Millions is hardly a convincing number when you consider how many people do internet searches each and every second on more than Google. Once you’ve ignored the adverts, seemingly obligatory amazon irritation and completely irrelevant returns, you might get 3 or 4 per page which imply relevance and invariably they don’t This gets worse when you are looking for specific technical information.
If a family history search was done like that you’d deserve all you get and it’s not like Ancestry imply in the adverts.
I didn’t know you were in the US Congress:
I need to make a crust
Fine… Billions of people are successful every day. It was just a number I pulled out of the air.
Just because you can’t get it to do what you want doesn’t mean that nobody else can…
If you spent your life always trying to open a can of beans with a wooden mallet would you blame the mallet and find it “astounding” that anybody could ever open one in less than 20 seconds?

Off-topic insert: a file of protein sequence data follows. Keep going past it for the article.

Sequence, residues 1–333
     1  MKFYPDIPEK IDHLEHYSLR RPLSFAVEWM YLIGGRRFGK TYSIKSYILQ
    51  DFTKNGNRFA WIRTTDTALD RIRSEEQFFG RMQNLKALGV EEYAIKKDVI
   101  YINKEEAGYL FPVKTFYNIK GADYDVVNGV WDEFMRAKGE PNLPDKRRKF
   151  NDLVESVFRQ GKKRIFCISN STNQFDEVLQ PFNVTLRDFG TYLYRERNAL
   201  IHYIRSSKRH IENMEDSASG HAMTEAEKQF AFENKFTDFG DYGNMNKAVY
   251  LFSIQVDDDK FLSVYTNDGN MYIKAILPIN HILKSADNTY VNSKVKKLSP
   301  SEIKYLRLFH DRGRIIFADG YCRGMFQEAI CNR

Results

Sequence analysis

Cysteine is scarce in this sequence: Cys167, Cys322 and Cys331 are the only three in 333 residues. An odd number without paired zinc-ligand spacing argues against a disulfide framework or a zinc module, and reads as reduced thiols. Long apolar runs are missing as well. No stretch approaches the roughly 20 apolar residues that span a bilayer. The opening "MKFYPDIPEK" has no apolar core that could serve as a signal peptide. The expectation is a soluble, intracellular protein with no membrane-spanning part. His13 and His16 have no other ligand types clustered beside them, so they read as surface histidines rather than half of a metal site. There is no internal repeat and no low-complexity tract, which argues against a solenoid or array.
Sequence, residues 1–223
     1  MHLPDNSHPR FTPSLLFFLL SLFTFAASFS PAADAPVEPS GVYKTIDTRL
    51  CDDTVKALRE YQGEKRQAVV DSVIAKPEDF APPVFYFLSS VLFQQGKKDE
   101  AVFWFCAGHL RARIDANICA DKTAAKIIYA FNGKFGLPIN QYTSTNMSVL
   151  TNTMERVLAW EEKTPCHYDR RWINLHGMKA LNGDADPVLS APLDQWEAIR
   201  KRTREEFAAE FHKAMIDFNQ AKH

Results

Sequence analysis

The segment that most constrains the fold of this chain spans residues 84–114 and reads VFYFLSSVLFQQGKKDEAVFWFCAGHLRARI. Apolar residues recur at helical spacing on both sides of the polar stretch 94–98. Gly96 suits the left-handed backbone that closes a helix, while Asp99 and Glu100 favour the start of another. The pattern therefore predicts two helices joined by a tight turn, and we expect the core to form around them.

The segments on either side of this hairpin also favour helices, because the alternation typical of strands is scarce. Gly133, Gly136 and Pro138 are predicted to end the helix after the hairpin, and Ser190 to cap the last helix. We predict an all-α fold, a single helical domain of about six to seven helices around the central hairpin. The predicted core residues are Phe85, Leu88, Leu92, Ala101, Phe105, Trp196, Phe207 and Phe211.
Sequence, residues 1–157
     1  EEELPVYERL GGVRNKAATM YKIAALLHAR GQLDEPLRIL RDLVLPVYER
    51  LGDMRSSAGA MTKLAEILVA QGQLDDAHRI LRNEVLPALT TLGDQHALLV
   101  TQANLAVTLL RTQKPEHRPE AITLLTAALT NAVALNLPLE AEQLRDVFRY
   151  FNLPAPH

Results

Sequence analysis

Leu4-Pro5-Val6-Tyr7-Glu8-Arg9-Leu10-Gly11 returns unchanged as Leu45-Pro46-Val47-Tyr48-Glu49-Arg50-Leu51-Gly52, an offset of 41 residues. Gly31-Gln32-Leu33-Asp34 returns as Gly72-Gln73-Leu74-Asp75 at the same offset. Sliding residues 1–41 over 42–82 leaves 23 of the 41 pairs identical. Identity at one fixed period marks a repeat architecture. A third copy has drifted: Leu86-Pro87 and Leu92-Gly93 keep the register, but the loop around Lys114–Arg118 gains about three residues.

The original issue regarding ‘what’s the point’: well, this is the current system and at least it’s like for like across the Corps.
On our Sqn we only allow cadets to take exams on Parade Nights: this ensures (to a degree) they have actually learned? the material and are in a common ‘exam’ setting. We don’t actually permit access to reference materials during the exam - local call. When each cadet completes the test module, we review successes/failures in person between cadet/instructor and highlight the material to be revised for he resit.
Any cadet that attempts an exam outside the parade night schedule, we suspend their account for a month and make them
resit. To be fair, the very few who try to ‘cheat’ in this fashion usually still get a ‘fail’ result (so returning to whether or not they are truly ‘learning’), so the resit requirement is valid.